Exascale computing refers to computing systems capable of calculating at least "1018 IEEE 754 Double Precision (64-bit) operations (multiplications and/or additions) per second (exaFLOPS)"; it is a measure of supercomputer performance.
Exascale computing is a significant achievement in computer engineering: primarily, it allows improved scientific applications and better prediction accuracy in domains such as weather forecasting, climate modeling and personalised medicine. Exascale also reaches the estimated processing power of the human brain at the neural level, a target of the Human Brain Project. There has been a race to be the first country to build an exascale computer, typically ranked in the TOP500 list.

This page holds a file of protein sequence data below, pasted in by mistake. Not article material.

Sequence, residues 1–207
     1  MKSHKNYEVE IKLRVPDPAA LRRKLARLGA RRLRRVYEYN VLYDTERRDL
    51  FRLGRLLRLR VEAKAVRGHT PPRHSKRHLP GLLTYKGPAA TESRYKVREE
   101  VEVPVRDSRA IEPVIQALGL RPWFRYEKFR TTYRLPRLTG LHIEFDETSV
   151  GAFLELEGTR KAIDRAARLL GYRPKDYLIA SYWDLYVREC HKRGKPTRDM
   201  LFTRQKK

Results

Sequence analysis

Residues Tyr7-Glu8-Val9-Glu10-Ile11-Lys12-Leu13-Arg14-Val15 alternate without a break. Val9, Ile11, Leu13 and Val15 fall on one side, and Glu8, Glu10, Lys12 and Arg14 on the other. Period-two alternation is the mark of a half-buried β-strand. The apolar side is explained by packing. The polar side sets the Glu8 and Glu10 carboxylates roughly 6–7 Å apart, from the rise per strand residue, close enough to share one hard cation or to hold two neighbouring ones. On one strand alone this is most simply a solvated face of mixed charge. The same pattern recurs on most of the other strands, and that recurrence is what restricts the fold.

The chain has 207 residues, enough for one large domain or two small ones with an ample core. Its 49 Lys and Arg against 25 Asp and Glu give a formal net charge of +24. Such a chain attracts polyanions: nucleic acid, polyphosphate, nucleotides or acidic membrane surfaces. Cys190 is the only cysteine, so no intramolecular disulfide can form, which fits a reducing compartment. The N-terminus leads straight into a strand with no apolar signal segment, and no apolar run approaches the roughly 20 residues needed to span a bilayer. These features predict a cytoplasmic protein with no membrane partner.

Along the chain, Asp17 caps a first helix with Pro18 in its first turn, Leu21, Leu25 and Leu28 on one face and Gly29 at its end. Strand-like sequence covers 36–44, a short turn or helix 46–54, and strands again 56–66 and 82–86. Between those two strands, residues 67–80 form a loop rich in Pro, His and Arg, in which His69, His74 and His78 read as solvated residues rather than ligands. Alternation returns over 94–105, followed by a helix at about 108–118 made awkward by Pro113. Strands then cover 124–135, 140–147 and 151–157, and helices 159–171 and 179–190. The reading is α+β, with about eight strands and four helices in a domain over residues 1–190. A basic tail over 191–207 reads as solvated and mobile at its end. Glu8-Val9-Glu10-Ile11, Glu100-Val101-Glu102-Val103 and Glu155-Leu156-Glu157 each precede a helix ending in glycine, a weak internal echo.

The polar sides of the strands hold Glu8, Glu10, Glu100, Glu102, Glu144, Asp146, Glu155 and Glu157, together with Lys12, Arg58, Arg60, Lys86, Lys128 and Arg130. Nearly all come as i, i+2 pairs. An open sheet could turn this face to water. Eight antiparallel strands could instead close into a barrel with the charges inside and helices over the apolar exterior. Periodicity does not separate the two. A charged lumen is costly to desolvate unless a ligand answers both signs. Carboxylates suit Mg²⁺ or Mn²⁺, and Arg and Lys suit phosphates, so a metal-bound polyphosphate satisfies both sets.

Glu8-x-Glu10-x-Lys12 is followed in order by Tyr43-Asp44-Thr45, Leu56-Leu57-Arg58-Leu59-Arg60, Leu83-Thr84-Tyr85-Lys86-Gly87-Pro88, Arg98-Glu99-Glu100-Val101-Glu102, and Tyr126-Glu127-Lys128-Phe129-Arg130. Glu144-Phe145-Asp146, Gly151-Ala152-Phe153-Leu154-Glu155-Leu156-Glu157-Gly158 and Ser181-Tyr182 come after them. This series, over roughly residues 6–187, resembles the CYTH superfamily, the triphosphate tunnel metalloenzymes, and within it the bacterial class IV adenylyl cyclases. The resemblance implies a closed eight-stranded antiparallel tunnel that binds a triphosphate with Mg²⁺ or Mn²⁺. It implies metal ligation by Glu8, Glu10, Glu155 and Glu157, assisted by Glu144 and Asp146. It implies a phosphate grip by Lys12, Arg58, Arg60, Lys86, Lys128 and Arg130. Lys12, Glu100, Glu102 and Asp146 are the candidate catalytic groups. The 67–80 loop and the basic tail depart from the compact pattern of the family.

Floating point operations per second (FLOPS) are one measure of computer performance. FLOPS can be recorded in different measures of precision, however the standard measure (used by the TOP500 supercomputer list) uses 64 bit (double-precision floating-point format) operations per second using the High Performance LINPACK (HPLinpack) benchmark.
Whilst a distributed computing system had broken the 1 exaFLOPS barrier before Frontier, the metric typically refers to single computing systems. Supercomputers had also previously broken the 1 exaFLOPS barrier using alternative precision measures; again these do not meet the criteria for exascale computing using the standard metric. It has been recognised that HPLinpack may not be a good general measure of supercomputer utility in real world application, however it is the common standard for performance measurement.